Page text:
- Control + Shift – Temporarily turn on magnification when floating over dock icons
- Command + Shift + 3 – Takes a snap of the screen and places it in a PNG file on the desktop
- Command + Shift + 4 – Draw a selection around an area of the screen to be grabbed. Also, hit the space bar after typing 4 for window selection
- Command + 1, 2, 3 & 4 – In any Finder window this switches between Icon, List, Column and Quicklook viewing modes
- Command + F – Opens OS X’s famously fast Spotlight Finder search, where you can save your search criteria for later quick recall. There’s lots of documentation on this over on Apple’s OS X website.
- Command + Space Bar – Opens Spotlight, the find anything, anywhere system wide search tool which Bill Gates trumpeted as “one of Windows Vista’s most exciting revolutionary new features”, 2 years after Apple first introduced it in Mac OS X Tiger.
If you hit Command + Tab, the currently running applications icon strip also enables you to choose modifier keys for the application currently highlighted. So if you want to quit an application without switching to it, just Command + Tab to it and while still holding down Command, hit Q – the system-wide Command key modifier for Quit, or hit H for Hide and so on.
SpacesGo to the Apple Menu, up in the top left hand corner of the screen, and choose System Preferences, then Exposé and Spaces, then click the button labelled Spaces, from the tab at the top of the panel. You should see a control panel like the one pictured to the right. Spaces is disabled by default in Leopard, as are Application Assignments, so turn Spaces on and then click the + icon below the Application Assignments list to add an application to any Space.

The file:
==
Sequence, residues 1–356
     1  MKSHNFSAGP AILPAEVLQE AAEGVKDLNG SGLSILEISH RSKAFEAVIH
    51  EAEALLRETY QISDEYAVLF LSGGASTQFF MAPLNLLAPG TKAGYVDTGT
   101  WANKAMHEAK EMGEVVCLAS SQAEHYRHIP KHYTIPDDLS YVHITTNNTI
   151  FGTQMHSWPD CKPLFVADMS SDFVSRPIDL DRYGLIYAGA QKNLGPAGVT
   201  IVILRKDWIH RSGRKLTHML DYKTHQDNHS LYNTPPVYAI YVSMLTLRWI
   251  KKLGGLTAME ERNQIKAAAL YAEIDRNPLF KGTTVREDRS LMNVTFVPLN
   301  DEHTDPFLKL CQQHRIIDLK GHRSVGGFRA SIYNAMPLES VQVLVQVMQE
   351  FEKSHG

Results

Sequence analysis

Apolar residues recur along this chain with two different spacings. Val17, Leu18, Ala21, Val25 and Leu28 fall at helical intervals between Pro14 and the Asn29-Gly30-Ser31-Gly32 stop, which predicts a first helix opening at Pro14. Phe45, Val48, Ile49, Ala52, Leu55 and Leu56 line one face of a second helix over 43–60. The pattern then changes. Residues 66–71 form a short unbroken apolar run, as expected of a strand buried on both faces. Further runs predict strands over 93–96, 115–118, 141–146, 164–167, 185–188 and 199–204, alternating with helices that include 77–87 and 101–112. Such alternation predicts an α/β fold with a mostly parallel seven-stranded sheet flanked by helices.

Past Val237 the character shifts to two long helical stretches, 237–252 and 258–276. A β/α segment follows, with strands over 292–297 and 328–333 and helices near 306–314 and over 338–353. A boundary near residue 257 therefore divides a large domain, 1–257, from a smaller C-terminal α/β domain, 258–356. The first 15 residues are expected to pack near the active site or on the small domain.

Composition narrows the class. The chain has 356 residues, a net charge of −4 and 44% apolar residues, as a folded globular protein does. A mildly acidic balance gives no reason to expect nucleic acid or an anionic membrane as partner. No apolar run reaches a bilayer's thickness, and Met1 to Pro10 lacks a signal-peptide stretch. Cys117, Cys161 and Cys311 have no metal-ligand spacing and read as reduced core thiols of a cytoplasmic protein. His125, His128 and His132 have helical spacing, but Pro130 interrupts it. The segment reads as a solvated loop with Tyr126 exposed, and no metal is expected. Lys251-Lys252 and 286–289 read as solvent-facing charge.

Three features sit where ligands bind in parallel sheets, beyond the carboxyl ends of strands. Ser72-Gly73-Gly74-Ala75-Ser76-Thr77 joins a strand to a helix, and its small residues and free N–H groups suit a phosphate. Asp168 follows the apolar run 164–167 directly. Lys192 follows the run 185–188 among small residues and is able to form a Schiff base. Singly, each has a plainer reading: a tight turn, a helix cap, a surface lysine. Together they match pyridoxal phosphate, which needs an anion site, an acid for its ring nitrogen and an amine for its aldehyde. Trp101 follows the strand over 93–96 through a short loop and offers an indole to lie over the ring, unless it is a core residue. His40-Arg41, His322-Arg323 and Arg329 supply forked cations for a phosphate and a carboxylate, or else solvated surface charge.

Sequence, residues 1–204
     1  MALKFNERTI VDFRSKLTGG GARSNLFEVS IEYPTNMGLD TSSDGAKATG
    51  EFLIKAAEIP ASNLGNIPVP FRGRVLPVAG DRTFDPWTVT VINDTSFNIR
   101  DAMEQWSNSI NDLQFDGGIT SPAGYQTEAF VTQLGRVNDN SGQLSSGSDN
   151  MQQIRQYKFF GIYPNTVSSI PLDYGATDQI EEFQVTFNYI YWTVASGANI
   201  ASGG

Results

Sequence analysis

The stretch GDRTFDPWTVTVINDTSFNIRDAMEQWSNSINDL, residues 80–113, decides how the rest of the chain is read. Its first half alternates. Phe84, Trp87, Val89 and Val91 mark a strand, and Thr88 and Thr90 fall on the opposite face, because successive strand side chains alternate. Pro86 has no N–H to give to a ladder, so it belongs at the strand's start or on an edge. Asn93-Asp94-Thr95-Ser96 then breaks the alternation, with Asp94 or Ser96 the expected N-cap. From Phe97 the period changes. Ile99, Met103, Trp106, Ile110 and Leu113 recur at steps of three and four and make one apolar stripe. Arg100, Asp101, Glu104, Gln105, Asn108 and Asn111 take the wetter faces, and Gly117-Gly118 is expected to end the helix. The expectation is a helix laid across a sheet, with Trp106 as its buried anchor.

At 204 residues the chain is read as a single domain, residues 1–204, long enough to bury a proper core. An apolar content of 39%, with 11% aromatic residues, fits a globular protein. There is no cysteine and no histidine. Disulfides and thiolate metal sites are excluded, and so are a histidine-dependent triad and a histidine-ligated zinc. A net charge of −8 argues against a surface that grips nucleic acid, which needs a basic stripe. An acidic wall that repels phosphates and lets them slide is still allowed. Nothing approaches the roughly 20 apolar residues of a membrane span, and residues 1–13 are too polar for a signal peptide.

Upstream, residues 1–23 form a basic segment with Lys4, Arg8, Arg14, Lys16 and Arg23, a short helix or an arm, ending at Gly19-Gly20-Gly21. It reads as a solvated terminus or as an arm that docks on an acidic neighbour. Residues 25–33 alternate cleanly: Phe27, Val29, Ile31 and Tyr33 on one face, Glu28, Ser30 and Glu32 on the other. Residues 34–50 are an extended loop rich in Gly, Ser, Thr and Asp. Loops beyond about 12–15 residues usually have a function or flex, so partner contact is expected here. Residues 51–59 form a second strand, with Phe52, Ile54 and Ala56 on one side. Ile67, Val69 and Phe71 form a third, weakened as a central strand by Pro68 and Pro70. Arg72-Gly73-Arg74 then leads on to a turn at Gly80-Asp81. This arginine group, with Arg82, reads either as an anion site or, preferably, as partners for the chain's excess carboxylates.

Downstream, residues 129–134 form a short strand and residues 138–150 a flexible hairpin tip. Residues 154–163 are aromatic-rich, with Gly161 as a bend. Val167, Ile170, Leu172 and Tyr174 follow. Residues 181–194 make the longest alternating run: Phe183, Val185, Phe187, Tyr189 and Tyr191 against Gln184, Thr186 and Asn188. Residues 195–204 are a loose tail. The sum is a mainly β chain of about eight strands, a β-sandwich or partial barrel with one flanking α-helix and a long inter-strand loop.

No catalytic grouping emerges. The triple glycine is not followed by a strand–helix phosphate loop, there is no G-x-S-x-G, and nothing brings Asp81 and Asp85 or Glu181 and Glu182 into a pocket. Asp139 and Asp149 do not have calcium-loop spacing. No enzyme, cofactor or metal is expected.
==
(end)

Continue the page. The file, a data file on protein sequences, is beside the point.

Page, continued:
- All your currently running applications will now be listed. Choose ‘Other’ from the drop down box and find ‘TextEdit’ in your applications folder.
- Change the pop down menu ‘Space 1’ to ‘Space 2’*.
- Hit Command + Spacebar and type ‘TextEdit’. Spotlight will list all instances of the word ‘TextEdit’ your hard drive, as well as the Application itself as the first selection in the top right hand corner of your screen.
- When you hit Return your desktop will now move to desktop Space 2 and launch TextEdit.
You can drag the top of the TextEdit application window (or any window for any application, folder or file) hard against the edge of the current desktop Space to change to another desktop Space, or use Control + Arrow Keys left, right, up, down to manually shift from one Space to another, which can also be re-defined in the System Preferences panel for Exposé and Spaces.
*You can also change ‘Space 1’ to ‘Every Space’, so the selected application is always visible in every desktop Space you switch to.
Dock FoldersAs well as being able to drag and drop any application file icon into the Dock, at the bottom of the screen you can also drag folders anywhere to the right of the dock dividing line, on the right hand edge of the Dock.
Doing so will enable you to view folders in three different ways, which can be defined by right clicking on the folder icon in the Dock (Control + Click on a laptop trackpad) and choosing from the contextual menu options displayed.